Dr. Oleg Aulov is a Computer Scientist at the National Institute of Standards and Technology's Information Technology Laboratory. Oleg’s research interests focus on performance measurement, metrics, and evaluation of the 3rd wave of AI systems targeting Human Language Technology.
Currently, Oleg is a PI on the evaluation of Knowledge Directed AI Reasoning over Schemas (KAIROS) Program, funded by DARPA. The program seeks to develop multimodal, multilingual reasoning systems capable of predicting real world events.
While at NIST, Oleg has contributed to the design of tasks and metrics for an array of past evaluations including: DARPA's Active Interpretation of Disparate Alternatives Evaluation; Speech Analytic Technologies Evaluation; Speaker Recognition Evaluation Vendor Testing (SREVT); Data Science Evaluation (DSE); and DARPA’s Low Resource Languages for Emergent Incidents Evaluation (LORELEI).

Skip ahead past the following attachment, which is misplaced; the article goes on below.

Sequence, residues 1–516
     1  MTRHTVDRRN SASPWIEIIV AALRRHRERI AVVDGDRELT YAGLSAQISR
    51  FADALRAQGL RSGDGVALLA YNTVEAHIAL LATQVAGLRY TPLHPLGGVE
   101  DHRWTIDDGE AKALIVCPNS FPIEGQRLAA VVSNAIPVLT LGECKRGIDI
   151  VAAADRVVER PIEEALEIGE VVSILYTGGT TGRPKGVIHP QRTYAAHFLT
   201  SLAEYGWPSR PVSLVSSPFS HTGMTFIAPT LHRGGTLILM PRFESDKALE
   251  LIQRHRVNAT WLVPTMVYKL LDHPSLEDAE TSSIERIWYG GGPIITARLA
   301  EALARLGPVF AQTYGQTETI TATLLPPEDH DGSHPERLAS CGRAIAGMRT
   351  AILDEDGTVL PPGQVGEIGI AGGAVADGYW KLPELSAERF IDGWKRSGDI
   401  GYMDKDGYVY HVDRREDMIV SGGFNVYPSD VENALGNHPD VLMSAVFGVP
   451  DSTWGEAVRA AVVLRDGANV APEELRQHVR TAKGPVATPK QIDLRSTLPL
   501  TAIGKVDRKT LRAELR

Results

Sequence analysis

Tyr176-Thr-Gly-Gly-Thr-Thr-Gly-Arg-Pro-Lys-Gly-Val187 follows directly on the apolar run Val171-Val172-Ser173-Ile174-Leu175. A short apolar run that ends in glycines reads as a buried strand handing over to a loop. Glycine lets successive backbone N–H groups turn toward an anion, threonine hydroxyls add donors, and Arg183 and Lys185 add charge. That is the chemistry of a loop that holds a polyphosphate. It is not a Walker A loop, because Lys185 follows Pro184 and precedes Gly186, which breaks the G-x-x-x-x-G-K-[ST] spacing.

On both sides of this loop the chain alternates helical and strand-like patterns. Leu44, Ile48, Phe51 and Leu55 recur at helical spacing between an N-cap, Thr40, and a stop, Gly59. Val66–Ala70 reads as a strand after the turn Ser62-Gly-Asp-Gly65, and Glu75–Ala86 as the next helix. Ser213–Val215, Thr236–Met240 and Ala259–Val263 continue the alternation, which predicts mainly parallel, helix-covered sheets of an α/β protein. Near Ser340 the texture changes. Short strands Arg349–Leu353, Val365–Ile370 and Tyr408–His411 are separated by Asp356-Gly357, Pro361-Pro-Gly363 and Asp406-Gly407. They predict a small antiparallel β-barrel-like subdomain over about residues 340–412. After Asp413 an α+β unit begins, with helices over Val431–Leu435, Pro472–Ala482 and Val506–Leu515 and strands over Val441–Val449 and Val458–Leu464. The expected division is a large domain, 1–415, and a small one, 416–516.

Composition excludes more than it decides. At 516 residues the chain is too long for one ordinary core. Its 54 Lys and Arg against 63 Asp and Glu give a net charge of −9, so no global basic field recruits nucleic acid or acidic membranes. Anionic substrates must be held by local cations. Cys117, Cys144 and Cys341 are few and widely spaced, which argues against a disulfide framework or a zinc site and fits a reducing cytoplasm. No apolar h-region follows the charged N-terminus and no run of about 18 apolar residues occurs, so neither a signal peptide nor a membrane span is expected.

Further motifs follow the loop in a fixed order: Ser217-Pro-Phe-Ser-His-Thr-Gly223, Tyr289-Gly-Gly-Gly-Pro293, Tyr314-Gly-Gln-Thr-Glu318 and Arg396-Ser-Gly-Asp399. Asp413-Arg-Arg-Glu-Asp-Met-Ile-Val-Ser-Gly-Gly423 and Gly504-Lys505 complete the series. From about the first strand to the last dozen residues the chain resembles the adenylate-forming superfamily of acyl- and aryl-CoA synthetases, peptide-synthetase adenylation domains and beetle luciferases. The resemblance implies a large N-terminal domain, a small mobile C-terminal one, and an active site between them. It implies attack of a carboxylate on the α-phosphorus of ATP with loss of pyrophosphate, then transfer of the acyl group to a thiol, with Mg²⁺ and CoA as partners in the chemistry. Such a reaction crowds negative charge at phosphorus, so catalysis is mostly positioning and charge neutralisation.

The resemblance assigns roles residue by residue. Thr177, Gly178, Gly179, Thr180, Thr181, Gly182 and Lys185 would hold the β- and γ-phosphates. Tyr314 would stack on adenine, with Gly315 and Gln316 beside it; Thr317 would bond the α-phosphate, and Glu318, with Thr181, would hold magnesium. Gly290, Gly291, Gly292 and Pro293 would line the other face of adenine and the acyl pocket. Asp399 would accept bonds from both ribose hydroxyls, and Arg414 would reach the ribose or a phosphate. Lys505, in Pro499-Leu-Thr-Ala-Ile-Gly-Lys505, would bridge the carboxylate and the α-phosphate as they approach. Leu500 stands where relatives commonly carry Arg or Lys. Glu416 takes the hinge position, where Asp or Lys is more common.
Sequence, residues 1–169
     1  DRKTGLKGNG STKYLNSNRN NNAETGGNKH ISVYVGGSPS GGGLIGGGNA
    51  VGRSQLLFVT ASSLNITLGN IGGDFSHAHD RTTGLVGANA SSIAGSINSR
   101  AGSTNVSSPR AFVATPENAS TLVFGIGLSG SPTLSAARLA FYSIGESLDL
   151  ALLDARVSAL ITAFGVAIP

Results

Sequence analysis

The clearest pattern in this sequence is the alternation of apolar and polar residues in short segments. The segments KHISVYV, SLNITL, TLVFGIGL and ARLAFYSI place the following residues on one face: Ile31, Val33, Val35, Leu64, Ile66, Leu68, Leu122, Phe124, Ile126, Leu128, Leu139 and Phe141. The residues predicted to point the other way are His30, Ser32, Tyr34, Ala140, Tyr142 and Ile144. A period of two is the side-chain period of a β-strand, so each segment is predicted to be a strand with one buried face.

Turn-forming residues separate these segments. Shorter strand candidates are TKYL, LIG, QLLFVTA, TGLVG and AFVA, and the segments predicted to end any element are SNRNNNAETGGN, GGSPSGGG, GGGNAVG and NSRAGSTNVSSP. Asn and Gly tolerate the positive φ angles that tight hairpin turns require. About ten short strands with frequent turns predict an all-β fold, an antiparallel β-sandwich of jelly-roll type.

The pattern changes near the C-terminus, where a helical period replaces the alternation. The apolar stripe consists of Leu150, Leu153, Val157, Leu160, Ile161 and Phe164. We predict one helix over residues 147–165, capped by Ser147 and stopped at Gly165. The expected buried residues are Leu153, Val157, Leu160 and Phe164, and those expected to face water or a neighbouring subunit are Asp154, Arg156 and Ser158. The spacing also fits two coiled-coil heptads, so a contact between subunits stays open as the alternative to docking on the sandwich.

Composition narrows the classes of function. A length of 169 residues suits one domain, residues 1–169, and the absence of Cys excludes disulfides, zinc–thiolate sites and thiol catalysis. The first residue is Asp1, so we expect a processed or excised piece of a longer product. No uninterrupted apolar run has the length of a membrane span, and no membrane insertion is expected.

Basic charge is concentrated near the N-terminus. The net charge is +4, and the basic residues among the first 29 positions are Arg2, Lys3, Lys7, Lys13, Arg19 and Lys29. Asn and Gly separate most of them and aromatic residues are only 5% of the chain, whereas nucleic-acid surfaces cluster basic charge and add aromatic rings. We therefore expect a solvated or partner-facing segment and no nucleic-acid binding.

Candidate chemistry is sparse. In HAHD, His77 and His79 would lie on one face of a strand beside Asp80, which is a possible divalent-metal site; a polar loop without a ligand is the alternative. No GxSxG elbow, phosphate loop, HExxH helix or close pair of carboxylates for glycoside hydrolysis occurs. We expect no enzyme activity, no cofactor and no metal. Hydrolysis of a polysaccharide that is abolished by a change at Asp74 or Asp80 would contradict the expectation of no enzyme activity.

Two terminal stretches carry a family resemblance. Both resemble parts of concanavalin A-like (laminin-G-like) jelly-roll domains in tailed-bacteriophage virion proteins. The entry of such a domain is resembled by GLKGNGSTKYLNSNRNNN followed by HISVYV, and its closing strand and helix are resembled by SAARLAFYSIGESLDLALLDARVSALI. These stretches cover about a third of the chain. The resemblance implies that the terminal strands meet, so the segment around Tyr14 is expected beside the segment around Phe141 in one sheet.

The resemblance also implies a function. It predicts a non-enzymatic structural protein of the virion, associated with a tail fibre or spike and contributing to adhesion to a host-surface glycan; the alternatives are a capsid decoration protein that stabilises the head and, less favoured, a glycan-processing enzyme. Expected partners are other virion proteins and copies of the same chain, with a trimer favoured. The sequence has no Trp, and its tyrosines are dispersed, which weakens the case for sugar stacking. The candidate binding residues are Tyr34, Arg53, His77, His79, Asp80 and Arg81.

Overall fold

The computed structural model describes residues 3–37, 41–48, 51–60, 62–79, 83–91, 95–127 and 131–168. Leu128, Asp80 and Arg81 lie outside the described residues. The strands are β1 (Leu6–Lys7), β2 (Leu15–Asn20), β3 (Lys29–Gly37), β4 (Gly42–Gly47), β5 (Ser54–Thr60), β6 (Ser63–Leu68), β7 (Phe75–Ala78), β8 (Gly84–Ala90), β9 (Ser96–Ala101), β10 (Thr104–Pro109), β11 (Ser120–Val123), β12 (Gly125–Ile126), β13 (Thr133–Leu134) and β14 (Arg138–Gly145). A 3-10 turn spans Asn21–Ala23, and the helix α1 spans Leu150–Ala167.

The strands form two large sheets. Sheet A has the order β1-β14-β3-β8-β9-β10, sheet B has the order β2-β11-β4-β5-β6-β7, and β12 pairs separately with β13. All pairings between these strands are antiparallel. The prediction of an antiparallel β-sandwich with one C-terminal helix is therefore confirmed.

For his Ph.D. dissertation, Oleg researched ways of extracting quantifiable data from heterogeneous social media sources and assimilating it into a variety of geophysical models in order to improve analysis, forecast and situational awareness during catastrophic events such as the Gulf oil spill or Hurricane Sandy. Through this work Oleg developed the concept of a human sensor network.
Prior to pursuing his Ph.D. Oleg was a research assistant at NASA Goddard working on the Autonomous Objectively Optimized Observation Direction System (OOODS) for future constellations of earth observing satellites. Oleg implemented the sensor web simulator and the target scheduler components of the system - the observation targets were selected using the uncertainty matrix and the scheduling priorities were made using the information content matrix.
Evaluation of temporal reasoning capabilities of 3rd wave of AI systems – 2021
Understanding Methods for Fusing Human Experts and AI Systems That Produce Explainable Answers – 2019
Building Blocks of Practical AI: Emerging Processors, Algorithms, and Frameworks – 2018
Deep Learning and Neuromorphic Computing – 2017
Developing Expertise in Deep Learning Neural Networks for ITL Science Programs – 2016
NSF RAPID: Near Real-Time Quantifiable Social Media Data for Improved Modeling, Tracking and Mitigating the Spread of the Ebola Virus – 2015
NSF RAPID: Rapid Response for a Human Sensor Aware Fukushima Debris Monitor and Prediction System – 2012